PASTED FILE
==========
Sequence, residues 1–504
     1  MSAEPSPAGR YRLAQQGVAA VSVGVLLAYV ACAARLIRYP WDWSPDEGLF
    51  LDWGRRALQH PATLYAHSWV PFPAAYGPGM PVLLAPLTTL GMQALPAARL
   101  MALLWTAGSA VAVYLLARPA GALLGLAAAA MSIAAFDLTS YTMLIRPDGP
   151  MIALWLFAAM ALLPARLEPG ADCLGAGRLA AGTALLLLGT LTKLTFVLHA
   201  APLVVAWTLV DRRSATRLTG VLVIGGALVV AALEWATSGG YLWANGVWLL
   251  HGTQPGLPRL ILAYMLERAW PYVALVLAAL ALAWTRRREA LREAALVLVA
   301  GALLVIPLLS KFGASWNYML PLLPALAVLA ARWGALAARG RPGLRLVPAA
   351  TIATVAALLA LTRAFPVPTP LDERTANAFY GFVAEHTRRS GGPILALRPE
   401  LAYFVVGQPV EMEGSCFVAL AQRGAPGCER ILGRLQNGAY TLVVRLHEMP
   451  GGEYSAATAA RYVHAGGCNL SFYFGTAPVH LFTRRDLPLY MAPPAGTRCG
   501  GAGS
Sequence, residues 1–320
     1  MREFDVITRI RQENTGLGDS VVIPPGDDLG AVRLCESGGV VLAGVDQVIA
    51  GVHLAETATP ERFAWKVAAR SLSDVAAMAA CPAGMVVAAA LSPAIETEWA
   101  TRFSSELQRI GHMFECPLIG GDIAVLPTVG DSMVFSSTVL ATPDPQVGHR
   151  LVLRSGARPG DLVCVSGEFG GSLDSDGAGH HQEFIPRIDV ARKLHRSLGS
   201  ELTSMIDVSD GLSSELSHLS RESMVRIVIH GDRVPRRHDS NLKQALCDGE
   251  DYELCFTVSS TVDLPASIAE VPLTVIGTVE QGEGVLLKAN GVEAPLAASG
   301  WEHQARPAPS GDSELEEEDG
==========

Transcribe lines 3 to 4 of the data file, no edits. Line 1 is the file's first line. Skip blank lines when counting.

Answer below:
    51  LDWGRRALQH PATLYAHSWV PFPAAYGPGM PVLLAPLTTL GMQALPAARL
   101  MALLWTAGSA VAVYLLARPA GALLGLAAAA MSIAAFDLTS YTMLIRPDGP